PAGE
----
Twitter: You Can Do It!

A Quickstart Guide from LibraryLinkNJ

New To Twitter? Dip a Toe in, The Water's Fine!

To-Do List: Setting Up Your Account

  • Join! Keep your username brief. Consider using your real name, too.
  • No eggs: use a photo of yourself or something that's easily identifiable as YOU for your profile pic.
  • Your bio! Keep it brief & informative, and be sure to include a relevant URL if you have one to share.
  • Follow people you like & admire. Watch to see who they follow & interact with, to follow people outside of your own circle.

Fav? RT? The handle of what?

Twitter has its own grammar & slang. Here are some key terms:

  • Handle = your username.
  • Profile photo = the image associated with your handle (username), and the one that appears next to all your tweets.
  • Header photo = the image that appears at the top of your profile, much like a banner.
  • Fav = short for favorite; also simply called a like. When you click the little heart icon at the bottom of a tweet? That's faving/liking. Use it to save tweets and links for later, or just to give a thumbs-up.
  • RT = retweet. That's how you share what other people are saying.
  • LRT or RLRT = Last RT or Re: Last RT. Use this to preface a follow-up to a retweet.
  • Mention = to directly reference another Twitter account by typing its handle preceded by @. Tweeting at others can kickstart conversation, and your own Mentions section acts as a list of everyone who's talking about you!
  • Thread = multiple tweets strung together into a longer statement, composed by retweeting yourself and breaking your paragraphic thoughts into 280-character-sized bites. Given Twitter's character limits, the thread is an invention of necessity.
  • Hashtag = self-applied metadata. A way of making your tweets searchable & your account more discoverable by people interested in the same things you are. #savvy

Tips for Successful Tweeting

  • Brevity: 280 characters is a challenge (but a cinch compared to 140)!
  • Search for & save useful & interesting hashtags.
  • Make lists— private or public ones— to organize the accounts you follow by main subject, location, or user type. Here are our lists for reference.
  • Tag your work: If you're participating in a hashtagged conversation (such as at a conference), include the hashtag in your own tweets so others can see & respond.
  • Threading: Multiple tweets on one topic means your followers are more likely to see your thoughts. Thread posts when you have something big to say... but remember to delete @yourhandle from each follow-up.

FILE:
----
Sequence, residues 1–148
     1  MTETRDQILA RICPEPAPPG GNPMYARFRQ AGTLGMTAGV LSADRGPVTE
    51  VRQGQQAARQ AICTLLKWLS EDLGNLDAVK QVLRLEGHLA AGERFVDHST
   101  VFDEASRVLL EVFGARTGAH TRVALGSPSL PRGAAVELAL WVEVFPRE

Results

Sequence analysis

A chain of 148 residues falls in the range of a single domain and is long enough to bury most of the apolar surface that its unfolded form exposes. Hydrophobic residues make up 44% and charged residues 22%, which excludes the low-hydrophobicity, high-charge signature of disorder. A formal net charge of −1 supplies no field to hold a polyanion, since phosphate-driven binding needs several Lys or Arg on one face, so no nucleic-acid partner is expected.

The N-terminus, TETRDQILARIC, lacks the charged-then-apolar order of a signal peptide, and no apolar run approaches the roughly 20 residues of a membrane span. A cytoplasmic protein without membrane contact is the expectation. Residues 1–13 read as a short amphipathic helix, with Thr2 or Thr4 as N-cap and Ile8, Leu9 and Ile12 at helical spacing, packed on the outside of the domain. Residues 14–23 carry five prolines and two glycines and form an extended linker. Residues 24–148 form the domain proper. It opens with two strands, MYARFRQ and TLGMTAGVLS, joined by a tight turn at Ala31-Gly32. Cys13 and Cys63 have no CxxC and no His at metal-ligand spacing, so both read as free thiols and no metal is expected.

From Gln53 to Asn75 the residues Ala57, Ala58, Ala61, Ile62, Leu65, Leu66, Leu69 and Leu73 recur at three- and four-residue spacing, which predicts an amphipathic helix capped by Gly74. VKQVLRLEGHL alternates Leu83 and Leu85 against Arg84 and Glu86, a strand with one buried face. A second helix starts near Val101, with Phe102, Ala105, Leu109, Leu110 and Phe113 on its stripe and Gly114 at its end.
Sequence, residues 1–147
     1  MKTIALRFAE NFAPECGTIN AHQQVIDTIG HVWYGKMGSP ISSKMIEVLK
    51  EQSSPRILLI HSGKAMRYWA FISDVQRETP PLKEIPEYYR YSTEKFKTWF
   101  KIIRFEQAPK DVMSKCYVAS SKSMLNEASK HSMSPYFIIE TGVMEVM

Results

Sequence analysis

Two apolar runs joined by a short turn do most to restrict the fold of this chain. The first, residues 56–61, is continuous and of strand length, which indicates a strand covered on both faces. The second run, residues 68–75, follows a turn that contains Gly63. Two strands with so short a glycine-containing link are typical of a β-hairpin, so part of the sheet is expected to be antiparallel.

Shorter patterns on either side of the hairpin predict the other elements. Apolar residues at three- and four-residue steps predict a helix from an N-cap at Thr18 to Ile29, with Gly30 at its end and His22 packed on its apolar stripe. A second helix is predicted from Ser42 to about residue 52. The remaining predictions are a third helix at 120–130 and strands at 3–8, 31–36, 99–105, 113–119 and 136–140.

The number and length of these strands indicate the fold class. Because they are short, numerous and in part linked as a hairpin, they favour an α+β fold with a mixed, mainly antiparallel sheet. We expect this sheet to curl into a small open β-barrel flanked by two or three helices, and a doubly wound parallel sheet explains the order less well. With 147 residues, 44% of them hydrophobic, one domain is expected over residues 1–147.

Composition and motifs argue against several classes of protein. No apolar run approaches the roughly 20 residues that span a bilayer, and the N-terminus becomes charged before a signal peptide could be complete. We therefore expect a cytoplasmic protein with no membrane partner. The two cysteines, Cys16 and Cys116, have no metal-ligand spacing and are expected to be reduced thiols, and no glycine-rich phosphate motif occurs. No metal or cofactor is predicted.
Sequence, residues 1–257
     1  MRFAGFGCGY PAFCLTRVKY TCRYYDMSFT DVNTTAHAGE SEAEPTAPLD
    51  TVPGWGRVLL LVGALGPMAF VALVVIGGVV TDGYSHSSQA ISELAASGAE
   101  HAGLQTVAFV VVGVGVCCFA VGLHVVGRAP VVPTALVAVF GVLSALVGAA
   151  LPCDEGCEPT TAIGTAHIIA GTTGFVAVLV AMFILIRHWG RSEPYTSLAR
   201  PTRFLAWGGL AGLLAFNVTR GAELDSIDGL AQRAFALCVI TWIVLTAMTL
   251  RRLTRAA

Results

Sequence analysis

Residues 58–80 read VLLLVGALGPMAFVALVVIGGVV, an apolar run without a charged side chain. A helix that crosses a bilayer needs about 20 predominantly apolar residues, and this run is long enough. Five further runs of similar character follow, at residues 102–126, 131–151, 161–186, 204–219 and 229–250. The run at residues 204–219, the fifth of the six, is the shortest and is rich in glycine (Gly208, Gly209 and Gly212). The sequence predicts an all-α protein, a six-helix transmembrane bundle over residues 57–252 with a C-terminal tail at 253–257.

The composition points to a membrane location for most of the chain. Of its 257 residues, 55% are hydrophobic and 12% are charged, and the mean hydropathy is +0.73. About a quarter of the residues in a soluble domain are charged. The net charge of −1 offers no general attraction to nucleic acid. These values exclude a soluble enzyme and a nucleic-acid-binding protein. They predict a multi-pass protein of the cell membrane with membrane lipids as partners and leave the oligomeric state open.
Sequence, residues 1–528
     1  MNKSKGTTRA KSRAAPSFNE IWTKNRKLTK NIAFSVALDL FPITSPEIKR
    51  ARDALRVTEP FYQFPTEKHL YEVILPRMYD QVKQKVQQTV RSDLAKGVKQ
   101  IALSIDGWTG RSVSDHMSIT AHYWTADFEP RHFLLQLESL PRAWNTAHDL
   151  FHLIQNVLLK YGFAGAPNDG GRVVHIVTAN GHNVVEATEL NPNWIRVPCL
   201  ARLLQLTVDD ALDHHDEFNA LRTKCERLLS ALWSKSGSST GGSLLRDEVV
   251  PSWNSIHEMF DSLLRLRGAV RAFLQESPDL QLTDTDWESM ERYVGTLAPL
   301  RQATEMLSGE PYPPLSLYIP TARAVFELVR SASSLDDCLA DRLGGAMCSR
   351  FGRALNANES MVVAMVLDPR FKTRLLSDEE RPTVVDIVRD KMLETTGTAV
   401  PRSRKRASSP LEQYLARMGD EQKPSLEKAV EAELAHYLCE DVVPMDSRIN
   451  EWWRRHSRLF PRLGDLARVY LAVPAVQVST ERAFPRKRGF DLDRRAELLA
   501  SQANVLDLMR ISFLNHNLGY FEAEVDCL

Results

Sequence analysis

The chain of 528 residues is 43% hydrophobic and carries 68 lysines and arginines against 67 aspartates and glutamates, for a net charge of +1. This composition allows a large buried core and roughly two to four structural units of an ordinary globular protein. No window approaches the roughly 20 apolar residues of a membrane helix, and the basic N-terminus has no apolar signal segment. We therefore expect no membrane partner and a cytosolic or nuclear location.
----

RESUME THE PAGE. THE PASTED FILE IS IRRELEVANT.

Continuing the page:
Threaded Conversation, Ahoy!

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Live Event Twitter is The Best Twitter

Live-tweeting events (the Oscars, a movie with friends, a professional conference) is a great way to dip a toe in a calmer area of Twitter's turbid waters. It's a way to slow the fire hydrant flow to a manageable & refreshing water fountain stream.

Ready to live-tweet? Log in to your Twitter account, then:

  • Search for the event hashtag (for example, #njla16)
  • Save your search - this will make the stream of tweets easy to find & read
  • When you tweet something (an insight from a session, questions about lunch or evening activities), include the event hashtag in your tweet so others who are following it will see, retweet & respond to you.

Next-Level Tips

  • To save links, don't rely on favs - use a service like Pocket, Instapaper or Evernote.
  • You may prefer to use a Twitter client like Tweetdeck or HootSuite.
  • Tools like TweetChat and Twubs can simplify participation in fast-moving tweet chats & hashtagged conversations.
  • Use tools like Storify to archive & share conversations.
  • Twitter's Missing Manual gets deep into the nitty-gritty of Twitter's quirks.
  • If you start a tweet with someone's username, only that person and the users who follow both of you will see it. Which is fine, but if you want everyone who follows you to see a tweet, add at least one character before @theirhandle. Current convention is ".@theirhandle take a look at this!" (See photo above)

But You Don't Have To Take My Word For It!

Over on my personal Twitter account, I asked friends & colleagues what ONE piece of advice they'd give their past selves about using Twitter effectively.

You can read their great responses here.

You can do it. Ask for help if you need to.

LibraryLinkNJ -- The New Jersey Library Cooperative

Created by Sophie Brookover, Program Coordinator & Social Media Manager

A Big Thank You to Gwyneth Jones, the Daring Librarian!

I used two how-to comics by Gwyneth Jones as inspiration: Twitter At A Glance and The Art of the Follow. She's an amazing resource and you can (and should!) follow her at @gwynethjones.

By the way, this work is licensed under a Creative Commons Attribution-NonCommercial-ShareAlike 4.0 International License.